Skateboarding Helmets

Wiping out is an inevitable part of skating. A good helmet can make the difference between walking away from a crash by yourself and being wheeled away by paramedics.

Why Wear A Helmet?

Unlike cyclists, who are legally required to wear a helmet that meets Australian safety standards, skateboarders won’t be fined for going bare-headed. On the other hand, no-one wants a head injury. Learning to skate involves a lot of falling over but seasoned pros aren’t accident-proof either, with vert skating and cruising both presenting their own sets of dangers. While skaters have often turned their noses up at the idea of wearing helmets, more and more skateparks are requiring helmet use and pro skaters are adopting them too. Banging your head on the floor can cause health issues from vomiting and memory loss all the way up to permanent brain damage and death. Wearing a helmet is a very small price to pay by comparison.

Skateboarding Helmet Size

Getting the right helmet fit is really important. An over-tight helmet isn’t comfortable to wear and may cause headaches. A helmet that is too loose can move around or even come off during a crash, making it a lot less effective at protecting your head. To find the right size of helmet, use a soft tape measure to measure a level line around your head, just above the eyebrows and ears. Not every head or helmet is the same shape either so you should make sure that your helmet is comfortable to wear. Adjustable fit skate helmets make this a bit easier.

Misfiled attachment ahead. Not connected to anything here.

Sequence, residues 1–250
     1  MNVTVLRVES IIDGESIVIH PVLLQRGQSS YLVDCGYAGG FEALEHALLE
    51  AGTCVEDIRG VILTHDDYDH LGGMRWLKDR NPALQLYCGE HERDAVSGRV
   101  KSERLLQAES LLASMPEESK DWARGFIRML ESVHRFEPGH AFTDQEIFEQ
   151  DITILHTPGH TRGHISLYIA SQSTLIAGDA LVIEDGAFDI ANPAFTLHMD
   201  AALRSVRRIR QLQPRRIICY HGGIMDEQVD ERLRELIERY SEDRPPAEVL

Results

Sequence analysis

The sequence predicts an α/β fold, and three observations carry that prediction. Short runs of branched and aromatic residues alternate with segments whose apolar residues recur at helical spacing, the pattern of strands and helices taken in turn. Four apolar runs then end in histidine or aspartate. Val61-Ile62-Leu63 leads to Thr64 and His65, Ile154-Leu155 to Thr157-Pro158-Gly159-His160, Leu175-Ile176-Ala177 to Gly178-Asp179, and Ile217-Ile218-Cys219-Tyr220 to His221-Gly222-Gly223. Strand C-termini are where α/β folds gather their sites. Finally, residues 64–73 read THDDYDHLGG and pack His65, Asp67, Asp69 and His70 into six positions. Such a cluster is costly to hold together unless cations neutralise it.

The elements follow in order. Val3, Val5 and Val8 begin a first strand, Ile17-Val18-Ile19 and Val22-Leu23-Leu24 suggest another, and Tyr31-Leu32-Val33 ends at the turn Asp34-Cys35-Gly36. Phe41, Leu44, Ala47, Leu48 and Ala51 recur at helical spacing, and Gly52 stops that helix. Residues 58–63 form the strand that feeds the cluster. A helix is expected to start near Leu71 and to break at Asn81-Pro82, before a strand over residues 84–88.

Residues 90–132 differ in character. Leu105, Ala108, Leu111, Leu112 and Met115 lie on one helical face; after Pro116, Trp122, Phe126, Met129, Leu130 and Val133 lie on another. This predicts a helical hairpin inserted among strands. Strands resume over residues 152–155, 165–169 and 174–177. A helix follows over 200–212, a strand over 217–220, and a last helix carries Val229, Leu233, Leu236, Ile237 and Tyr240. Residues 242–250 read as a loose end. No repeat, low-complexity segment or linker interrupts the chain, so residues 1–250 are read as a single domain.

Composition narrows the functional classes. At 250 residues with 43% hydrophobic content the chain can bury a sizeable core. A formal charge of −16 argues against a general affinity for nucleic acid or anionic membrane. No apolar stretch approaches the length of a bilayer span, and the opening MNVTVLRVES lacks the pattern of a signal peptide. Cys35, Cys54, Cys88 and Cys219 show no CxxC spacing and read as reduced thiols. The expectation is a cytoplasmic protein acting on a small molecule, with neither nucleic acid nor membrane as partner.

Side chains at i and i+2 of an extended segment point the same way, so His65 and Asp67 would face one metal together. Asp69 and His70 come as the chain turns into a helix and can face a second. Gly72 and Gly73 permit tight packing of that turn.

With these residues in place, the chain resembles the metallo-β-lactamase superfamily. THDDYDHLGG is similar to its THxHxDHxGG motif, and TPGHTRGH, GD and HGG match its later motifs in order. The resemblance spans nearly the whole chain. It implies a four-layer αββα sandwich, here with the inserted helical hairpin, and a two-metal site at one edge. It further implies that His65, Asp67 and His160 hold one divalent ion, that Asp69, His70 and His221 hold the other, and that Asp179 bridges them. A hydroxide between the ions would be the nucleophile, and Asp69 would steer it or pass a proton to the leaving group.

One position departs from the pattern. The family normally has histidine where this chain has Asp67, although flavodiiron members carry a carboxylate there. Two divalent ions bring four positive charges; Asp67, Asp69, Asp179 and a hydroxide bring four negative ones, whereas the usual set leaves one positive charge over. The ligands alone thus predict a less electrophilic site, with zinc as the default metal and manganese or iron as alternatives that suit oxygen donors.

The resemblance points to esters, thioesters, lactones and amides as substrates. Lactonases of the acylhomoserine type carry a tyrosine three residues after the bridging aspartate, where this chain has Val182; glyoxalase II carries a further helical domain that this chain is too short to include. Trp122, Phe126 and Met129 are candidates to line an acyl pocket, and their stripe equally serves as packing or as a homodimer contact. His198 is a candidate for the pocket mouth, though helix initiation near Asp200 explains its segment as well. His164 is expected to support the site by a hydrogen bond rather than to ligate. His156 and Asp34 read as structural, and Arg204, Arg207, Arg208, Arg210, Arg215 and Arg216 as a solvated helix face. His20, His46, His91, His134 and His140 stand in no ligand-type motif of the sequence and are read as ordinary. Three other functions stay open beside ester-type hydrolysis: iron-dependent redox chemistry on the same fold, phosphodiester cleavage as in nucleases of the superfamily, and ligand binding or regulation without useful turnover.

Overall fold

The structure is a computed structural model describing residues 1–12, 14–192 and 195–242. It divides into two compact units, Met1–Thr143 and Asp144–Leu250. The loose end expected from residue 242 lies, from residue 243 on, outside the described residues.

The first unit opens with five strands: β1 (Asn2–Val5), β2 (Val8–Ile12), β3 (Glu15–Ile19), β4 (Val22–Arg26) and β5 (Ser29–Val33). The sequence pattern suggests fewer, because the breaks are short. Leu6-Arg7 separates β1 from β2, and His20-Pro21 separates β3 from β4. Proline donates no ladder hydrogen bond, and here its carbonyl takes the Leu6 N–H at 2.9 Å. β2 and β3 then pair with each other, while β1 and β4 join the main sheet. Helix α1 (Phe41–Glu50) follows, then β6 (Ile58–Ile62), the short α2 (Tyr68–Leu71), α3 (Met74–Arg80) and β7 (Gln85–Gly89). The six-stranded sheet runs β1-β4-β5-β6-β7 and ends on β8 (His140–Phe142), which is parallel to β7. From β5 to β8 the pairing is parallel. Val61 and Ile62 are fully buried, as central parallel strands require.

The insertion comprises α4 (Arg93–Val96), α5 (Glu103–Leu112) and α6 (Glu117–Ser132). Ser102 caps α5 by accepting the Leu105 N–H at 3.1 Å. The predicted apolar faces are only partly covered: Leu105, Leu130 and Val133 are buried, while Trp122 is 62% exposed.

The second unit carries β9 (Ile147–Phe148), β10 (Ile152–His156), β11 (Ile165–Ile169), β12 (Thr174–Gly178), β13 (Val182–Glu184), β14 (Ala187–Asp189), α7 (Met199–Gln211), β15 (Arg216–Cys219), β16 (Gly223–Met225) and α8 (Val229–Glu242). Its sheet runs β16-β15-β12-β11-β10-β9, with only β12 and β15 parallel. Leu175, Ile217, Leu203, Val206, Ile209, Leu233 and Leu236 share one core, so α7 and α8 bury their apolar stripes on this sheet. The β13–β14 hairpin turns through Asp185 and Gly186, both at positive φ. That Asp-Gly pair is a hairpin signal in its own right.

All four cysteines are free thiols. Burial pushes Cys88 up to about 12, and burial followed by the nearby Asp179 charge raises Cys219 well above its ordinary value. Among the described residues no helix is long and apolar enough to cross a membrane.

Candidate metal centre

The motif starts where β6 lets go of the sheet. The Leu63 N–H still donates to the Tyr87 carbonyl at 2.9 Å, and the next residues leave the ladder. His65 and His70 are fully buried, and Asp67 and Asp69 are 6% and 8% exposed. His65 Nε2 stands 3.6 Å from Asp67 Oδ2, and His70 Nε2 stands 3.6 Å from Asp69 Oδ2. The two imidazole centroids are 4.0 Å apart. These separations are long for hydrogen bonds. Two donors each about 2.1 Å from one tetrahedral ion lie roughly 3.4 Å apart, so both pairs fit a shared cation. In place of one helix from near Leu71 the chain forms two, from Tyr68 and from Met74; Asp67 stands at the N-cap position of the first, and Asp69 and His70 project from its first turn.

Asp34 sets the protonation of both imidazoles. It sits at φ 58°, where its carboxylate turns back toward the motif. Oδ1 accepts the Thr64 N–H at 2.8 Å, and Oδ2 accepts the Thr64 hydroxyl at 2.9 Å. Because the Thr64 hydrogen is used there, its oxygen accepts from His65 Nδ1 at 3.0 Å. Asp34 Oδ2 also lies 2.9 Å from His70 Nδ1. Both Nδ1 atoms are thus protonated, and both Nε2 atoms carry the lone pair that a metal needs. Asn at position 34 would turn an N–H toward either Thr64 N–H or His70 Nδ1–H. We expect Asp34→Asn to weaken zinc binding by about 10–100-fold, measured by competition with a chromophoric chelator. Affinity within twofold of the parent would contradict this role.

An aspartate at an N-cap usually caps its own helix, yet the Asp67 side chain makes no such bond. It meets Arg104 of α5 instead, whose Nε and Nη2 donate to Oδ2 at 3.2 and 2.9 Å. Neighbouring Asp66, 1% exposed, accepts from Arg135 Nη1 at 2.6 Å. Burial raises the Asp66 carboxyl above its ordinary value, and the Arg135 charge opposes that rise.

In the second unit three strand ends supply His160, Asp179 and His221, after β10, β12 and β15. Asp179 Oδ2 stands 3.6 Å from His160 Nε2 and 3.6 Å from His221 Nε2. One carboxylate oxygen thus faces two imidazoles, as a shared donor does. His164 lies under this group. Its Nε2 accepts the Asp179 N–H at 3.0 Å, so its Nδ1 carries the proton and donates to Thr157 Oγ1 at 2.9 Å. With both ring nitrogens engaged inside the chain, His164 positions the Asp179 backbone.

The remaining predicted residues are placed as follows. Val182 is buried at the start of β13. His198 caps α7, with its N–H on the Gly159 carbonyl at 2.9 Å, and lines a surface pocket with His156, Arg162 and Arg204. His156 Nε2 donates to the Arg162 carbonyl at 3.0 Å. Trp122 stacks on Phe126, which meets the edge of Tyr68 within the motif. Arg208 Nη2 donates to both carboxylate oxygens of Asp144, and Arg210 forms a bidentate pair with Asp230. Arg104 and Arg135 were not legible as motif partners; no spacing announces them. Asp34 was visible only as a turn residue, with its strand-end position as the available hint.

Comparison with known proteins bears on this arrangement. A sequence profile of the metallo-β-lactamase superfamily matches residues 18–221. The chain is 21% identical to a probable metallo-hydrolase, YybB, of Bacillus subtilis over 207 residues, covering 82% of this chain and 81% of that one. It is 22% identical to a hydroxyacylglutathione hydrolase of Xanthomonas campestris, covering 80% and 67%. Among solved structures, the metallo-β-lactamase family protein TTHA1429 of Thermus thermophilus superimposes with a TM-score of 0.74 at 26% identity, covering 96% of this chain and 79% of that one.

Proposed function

Skate Helmet Construction

BMX and skate helmets are almost all built in the same way, with a hard outer shell covering a softer inner lining. This design protects the head and cushions against hard impacts. The shell of an entry-level helmet is usually made from ABS plastic with expanded polystyrene or cushioned foam underneath. More expensive helmets may be made from carbon fibre or Kevlar instead to offer the same protection at a lower weight. They may also have a layer of foam molded onto the helmet with more optional foam pads for an adjustable fit.

Other Protective Gear

Head trauma is the most serious danger of skateboarding but it isn’t the only one. Ankle and wrist fractures are a common skate-related injury seen in hospital waiting rooms, often from skaters sticking a hand out instinctively during a fall, and cuts and bruises are less serious but pretty much inevitable. Knee and elbow injuries can be prevented using protective pads. Wrist guards and gloves protect against wrist fractures and other injuries. Fit is as important with this other gear as it is with helmets. A well-fitting set of pads should protect your joints without restricting their movement, making it easy to skate safely and comfortably.